TORONTO (Reuters) - Canada’s main stock index fell on Tuesday as gold miners followed the price of bullion lower and energy stocks also weighed, although their retreat was not as great as that notched by crude oil.
The index is heavily influenced by its resource-linked issuers and is down around 9 percent so far this year as weak commodity prices have squeezed earnings in those sectors.
The Toronto Stock Exchange’s S&P/TSX composite index .GSPTSE ended down 37.13 points, or 0.28 percent, at 13,280.39. Half of the 10 main groups fell.
Gold prices fell to their weakest since 2010, under pressure from expectations the Federal Reserve is set to raise U.S. interest rates for the first time in nearly a decade. [GOL/]
Oil and natural gas producers fared better - the group slipped 0.8 percent - despite a 2.6 percent drop in crude oil, which one analyst said may indicate a recent sell-off had gone far enough and that investors are betting on crude prices stabilizing.
“It tells me we’re probably getting washed out,” said Colin Cieszynski, senior market analyst at CMC Markets Canada. “We may also be getting close to a low for the crude price, but we’ll see about that.”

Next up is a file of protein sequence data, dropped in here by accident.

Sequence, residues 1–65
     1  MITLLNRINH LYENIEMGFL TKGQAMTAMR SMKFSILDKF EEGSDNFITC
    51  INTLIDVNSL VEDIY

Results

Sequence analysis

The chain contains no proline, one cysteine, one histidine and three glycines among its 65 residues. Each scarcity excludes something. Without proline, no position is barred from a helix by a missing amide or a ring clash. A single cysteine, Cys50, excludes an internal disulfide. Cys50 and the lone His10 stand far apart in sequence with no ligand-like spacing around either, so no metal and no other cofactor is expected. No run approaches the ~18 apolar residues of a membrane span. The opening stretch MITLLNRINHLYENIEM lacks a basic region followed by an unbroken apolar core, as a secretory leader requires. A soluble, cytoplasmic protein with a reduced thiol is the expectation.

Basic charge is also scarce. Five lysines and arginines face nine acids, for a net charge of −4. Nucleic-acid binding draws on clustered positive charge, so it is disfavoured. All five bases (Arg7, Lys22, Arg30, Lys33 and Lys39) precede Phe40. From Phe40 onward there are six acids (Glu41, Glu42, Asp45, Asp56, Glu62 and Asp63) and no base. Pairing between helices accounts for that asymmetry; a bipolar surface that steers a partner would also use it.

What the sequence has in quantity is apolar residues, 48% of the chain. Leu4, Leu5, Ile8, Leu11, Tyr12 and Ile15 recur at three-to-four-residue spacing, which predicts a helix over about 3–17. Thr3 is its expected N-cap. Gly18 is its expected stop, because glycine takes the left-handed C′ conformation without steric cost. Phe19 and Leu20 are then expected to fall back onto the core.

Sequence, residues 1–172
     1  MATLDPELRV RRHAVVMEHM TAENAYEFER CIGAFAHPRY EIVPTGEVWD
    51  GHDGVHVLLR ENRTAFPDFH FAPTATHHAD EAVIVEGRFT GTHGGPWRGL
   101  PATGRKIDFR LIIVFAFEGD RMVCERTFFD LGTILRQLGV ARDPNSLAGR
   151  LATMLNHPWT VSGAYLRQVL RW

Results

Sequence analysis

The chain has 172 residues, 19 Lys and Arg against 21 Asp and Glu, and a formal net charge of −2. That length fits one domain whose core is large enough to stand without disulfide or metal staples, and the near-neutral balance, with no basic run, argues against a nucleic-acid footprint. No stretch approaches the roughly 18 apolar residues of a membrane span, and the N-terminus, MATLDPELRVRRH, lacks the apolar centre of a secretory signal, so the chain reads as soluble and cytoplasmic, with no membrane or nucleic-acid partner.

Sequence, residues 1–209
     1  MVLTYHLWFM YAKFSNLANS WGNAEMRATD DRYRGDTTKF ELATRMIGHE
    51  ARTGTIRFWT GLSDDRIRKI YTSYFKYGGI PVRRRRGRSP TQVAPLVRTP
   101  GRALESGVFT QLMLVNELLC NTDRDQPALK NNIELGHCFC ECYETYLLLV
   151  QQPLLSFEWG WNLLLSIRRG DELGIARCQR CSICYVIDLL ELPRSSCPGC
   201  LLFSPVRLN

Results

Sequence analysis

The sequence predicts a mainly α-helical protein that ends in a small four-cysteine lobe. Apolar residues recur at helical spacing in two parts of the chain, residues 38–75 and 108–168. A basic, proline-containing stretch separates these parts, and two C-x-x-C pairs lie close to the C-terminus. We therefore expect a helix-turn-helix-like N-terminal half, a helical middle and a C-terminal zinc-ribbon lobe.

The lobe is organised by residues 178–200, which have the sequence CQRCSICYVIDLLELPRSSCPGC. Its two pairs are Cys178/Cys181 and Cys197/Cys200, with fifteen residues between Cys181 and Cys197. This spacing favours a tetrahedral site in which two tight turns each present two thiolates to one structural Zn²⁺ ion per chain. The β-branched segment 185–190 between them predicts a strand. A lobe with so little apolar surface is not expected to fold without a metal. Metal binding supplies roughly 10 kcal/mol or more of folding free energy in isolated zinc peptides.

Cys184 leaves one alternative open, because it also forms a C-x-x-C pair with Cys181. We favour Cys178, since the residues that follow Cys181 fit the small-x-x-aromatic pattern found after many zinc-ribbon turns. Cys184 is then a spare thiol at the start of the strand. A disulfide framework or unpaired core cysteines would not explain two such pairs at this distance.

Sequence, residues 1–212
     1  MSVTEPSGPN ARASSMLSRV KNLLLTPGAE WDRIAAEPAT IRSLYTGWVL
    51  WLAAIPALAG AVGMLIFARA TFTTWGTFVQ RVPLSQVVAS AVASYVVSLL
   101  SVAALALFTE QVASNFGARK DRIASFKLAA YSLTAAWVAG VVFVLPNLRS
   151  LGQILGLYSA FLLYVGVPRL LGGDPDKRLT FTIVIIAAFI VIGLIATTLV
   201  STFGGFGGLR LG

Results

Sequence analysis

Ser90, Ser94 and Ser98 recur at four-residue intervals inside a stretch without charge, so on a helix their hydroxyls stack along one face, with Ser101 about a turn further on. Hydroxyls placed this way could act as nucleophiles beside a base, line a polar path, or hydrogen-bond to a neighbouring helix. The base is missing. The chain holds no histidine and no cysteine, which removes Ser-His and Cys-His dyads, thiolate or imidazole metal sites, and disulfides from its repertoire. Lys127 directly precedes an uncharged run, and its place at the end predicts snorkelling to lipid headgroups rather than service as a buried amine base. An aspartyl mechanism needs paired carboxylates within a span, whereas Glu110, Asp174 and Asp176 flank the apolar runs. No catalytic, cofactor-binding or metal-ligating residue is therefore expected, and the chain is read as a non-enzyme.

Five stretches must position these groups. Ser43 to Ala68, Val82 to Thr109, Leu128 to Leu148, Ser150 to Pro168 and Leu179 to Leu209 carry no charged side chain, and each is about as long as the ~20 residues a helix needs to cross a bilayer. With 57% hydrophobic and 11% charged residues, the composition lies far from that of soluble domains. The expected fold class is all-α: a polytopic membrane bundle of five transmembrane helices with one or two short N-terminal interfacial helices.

Valeant Pharmaceuticals International Inc (VRX.TO) fell 4.3 percent to C$93.57 after Morgan Stanley cut its earnings estimates and price target for the stock.
The index had jumped on Monday after two weeks of downward momentum.
“After you have a blowout day like you did yesterday and then you had eight days in a row prior to that of dropping, one has to wonder if it is a dead-cat bounce or one has to wonder if there is follow-through, and so I can understand the market being tentative today,” said Barry Schwartz, portfolio manager at Baskin Financial Services.
Financials rose 0.5 percent, led by a 0.6 percent advance for Toronto-Dominion Bank TD.TO to C$54.29 and a 0.7 percent gain for Bank of Nova Scotia (BNS.TO) to C$60.54.
Pipeline operator Enbridge Inc (ENB.TO) pared earlier gains to end up 0.4 percent at C$49.63 following news it is cutting 5 percent of its workforce in response to low crude prices.
Additional reporting by Fergal Smith; Editing by Jonathan Oatis and Chris Reese